1 1/4 cups packed dark-brown sugar
1 large whole egg
1 egg yolk
1/4 cup molasses
3/4 cup chopped candied ginger, cut into 1/4-inch pieces
1/2 cup raisins (optional)

Brown Sugar Icing 

1/4 cup packed light brown sugar
2 Tbsp. milk
2 Tbsp. unsalted butter
1 tsp. vanilla extract
1 1/4 cup sifted confectioners sugar, plus more if needed


Preheat oven to 350 F. Butter a 10-by-15 inch baking pan, and line the bottom with parchment paper. Butter the parchment, and set pan aside. Combine flour, baking powder, baking soda, ginger, cinnamon, nutmeg, cloves, and salt in a medium bowl; set aside.

In the bowl of an electric mixer fitted with the paddle attachment, cream butter on medium speed until smooth. Add sugar; beat until light and fluffy. Bean in egg, yolk, and molasses.

Add flour mixture; beat on low until just combined. Add 1/2 of the candied ginger and all of the raisins and beat to combine. Spread dough evenly into the prepared pan, and bake until firm to touch, 18-22 minutes, rotating pan halfway through. Remove from oven and cool in pan before icing.

Make the icing: Combine brown sugar, milk, and butter in a medium saucepan. Stir over medium heat until the butter has dissolved. Remove from heat, and whisk in vanilla and confectioner’s sugar. If the icing’s too thick to drizzle, add a bit more milk. If too then, more confectioners sugar. Let cool slightly before using (but remember, you’re drizzling it, so don’t allow to harden).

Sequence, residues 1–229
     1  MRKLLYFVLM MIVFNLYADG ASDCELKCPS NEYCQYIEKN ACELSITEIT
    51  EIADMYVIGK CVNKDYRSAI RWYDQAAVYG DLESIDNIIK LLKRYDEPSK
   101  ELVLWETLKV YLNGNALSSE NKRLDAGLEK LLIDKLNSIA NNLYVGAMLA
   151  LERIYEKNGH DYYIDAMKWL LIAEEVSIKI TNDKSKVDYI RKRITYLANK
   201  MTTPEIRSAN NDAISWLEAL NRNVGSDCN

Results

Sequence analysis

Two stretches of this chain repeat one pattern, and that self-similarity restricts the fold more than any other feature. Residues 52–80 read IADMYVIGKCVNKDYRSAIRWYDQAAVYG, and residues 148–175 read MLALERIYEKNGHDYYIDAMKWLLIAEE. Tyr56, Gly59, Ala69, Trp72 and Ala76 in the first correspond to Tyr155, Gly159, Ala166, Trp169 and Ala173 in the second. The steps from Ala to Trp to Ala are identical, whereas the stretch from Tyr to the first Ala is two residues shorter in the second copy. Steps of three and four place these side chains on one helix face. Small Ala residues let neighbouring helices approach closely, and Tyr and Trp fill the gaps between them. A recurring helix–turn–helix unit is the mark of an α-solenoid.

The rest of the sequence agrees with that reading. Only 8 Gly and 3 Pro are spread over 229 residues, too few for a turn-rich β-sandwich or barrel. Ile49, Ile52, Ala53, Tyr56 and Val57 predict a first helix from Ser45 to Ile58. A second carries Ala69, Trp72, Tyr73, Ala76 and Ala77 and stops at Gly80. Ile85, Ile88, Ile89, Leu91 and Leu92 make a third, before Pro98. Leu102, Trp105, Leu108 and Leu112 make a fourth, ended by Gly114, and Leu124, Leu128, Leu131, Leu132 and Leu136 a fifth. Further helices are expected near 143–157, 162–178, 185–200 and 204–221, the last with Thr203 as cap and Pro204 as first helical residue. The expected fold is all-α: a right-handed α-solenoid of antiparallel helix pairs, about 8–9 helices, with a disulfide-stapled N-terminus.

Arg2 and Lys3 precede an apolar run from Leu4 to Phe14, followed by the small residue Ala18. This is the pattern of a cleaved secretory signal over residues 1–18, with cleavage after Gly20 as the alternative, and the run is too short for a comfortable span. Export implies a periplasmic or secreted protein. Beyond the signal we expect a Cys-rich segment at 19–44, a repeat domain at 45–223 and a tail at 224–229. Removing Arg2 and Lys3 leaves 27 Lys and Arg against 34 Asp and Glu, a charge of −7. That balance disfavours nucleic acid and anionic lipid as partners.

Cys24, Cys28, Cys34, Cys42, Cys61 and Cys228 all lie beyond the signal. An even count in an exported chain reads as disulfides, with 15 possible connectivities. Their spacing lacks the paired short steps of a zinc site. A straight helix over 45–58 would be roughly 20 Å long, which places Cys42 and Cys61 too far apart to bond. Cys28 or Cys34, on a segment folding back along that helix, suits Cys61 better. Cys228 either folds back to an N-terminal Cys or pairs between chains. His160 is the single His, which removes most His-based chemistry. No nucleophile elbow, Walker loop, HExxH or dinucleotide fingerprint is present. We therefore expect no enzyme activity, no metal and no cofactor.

Drizzle with icing, and then sprinkle remaining ginger on top of bars. Let stand until icing has set, then cut into squares and serve.


  1. Sarah, Maison Cupcake

    Hope you had a great thanksgiving. Love these bars, the brown sugar icing looks very nice at that jaunty angle. Pumpkins look wonderful too.

  2. El

    I love hermits but have never found a good recipe. This recipe looks excellent. And I'm definitely with you on having a slow, relaxed holiday...

  3. Mardi @eatlivetravelwrite

    Another thoughtful, beautifully written post and, of course, beautiful photos. PLUS, a wonderful recipe :-)

  4. Kelsey B.

    Your photography gets better every day, I love it! It makes me wish I had better natural light in our apartment... and that I lived in San Fran where there is better light altogether!!

  5. Tia

    they look fantastic!!!

  6. Anonymous

    Thanks for this lovely post and the reminder to really "nourish" ourselves. Your photographs are lovely and so is the recipe.

  7. Megan Gordon

    Thank you for the photo compliments Sarah, Mardi, and Kelsey! Very sweet.

    And El: this is a really solid recipe. I promise. Give it a go.

  8. Lucy

    The photography course sounds like a gorgeous way to spend a Saturday - plus your photos are all beautiful! The hermit bars look delicious, not sure if I would be able to resist them when hidden away :)

  9. Justin

    i think i'd opt for more icing and a little less ginger, but these sound great

  10. Megan Gordon

    Yes, Justin: more frosting's always a good thing in my book!